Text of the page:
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Discovery & Admissibility of Facebook & Other Social Media Data]]>Alicia Chalumeauhttps://www.chalumeaulawgroup.com/single-post/2017/01/31/Discovery-Admissibility-of-Facebook-Other-Social-Media-Datahttps://www.chalumeaulawgroup.com/single-post/2017/01/31/Discovery-Admissibility-of-Facebook-Other-Social-Media-DataWed, 01 Feb 2017 02:46:00 +0000
As individuals are posting more and more of their personal day-to-day thoughts, whereabouts, and photographs on social networking sites such as Facebook and Twitter, it should come as no surprise that lawyers are turning to the internet to mine this data to assist them in preparation for litigation. However, both obtaining and admitting this information into evidence is proving a challenging task. Attorneys wishing to obtain information in the form of photographs, status updates, wall posts and messages are faced with the challenge of privacy concerns, and authenticating the information once received. Similarly, judges who aren’t familiar with the functionality of social media are faced with the challenge of applying archaic evidentiary rules to this modern fast moving technology.
When it comes to obtaining an individual’s social media history through discovery, New York courts have found that the information obtained from social networking sites are at a minimum discoverable. In an August 2011 decision, Romano v. Steelcase, Inc., Judge Spinner of the New York Supreme Court, Suffolk County, ordered a plaintiff to turn over the contents of her Facebook and Myspace pages to the defendant after the court found that the information contained in the pages were both material and necessary to the defendant’s defense of the action. The court weighed the plaintiff’s privacy concerns versus the defendant’s need for the information and found that the plaintiff’s privacy concerns were outweighed by the fact that her social networking information contained certain information inconsistent with her claims regarding the nature of her injuries, and loss of enjoyment of her life.
On the other hand, Connecticut attorneys are facing an uphill evidentiary battle when faced with the admissibility of social media content. The Connecticut Appellate Court in State v. Eleck 23 A.3d 818, 130 Conn.App. 632 (Conn.App. 2011) imposed a high bar for a party seeking to admit this type of evidence. In Eleck, the defendant who was charged with assault attempted to impeach a witness who testified against him. According to the witness, she had not communicated with the defendant since the assault; however, to impeach her testimony the defense offered facebook messages to show she had indeed communicated with the defendant. The witness then claimed that she did not author the messages as her facebook page had been hacked and she was not able to gain access. Based on the witnesses’ denial the court found that the defense had not adequately authenticated the messages pursuant to the Connecticut Code of Evidence §9-1, thus they were inadmissible.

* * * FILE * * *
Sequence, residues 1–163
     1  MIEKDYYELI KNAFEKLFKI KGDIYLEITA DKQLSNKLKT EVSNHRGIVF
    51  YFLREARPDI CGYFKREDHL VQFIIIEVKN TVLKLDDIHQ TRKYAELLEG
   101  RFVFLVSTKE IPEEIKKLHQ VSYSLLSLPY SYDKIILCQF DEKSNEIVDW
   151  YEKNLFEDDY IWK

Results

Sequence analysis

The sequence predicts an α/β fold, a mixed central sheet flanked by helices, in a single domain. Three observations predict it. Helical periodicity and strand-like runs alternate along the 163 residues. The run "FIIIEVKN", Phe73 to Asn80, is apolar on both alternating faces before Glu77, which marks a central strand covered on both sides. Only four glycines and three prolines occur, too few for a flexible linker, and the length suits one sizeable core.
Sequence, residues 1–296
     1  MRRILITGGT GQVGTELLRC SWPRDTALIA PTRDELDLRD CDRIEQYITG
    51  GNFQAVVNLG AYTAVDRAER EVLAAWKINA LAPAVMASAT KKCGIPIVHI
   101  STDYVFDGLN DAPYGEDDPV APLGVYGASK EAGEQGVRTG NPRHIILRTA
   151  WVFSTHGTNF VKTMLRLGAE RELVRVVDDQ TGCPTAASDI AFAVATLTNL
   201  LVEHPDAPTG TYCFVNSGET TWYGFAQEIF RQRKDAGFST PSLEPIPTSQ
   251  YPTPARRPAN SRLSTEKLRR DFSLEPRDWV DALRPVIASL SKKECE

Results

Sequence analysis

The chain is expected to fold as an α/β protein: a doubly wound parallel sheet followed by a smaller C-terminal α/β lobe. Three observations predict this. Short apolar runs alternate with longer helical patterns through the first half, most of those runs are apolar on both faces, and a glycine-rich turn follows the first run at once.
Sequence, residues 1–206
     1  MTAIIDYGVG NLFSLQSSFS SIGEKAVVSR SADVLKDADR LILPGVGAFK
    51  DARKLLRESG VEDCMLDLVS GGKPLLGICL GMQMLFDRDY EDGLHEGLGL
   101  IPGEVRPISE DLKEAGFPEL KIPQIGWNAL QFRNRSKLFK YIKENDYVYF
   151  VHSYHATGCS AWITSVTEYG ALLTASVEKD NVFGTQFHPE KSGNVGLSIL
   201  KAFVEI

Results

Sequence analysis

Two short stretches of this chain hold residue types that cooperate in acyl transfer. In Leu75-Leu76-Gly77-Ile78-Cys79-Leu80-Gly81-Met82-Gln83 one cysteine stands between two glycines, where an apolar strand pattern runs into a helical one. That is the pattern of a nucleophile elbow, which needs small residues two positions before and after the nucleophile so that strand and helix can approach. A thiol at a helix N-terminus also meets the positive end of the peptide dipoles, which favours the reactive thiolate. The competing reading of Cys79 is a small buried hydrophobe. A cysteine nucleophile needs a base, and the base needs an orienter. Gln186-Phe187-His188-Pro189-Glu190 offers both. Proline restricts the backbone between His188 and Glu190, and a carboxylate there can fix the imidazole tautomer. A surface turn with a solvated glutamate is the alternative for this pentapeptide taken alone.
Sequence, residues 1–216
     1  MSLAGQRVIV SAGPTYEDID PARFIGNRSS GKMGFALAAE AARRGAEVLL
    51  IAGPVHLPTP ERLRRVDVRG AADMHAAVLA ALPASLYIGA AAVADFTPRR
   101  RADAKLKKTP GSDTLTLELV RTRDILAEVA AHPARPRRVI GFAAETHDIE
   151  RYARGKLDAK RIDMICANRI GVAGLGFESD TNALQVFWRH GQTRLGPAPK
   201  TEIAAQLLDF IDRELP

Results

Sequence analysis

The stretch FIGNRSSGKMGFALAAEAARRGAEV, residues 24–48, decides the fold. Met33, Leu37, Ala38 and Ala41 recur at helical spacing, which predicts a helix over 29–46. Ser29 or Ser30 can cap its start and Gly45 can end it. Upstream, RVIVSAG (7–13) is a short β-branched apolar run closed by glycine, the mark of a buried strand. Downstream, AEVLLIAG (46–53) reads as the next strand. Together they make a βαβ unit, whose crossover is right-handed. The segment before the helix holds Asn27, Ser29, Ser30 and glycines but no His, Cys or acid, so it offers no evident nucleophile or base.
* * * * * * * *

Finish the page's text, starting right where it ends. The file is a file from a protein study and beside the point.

As it stands, the current standard imposed by the Eleck court requires a showing that both: (1) the evidence originated from a particular social media account, as well as (2) providing additional authenticating facts to prove the authorship of the information. The standard will no doubt prove difficult for attorneys seeking to admit evidence from social networking sites as they may not be privy to additional facts to authenticate the authorship. One solution would be the implementation of a new evidentiary rule which shifts the burden to the party denying authorship to refute the data’s authenticity.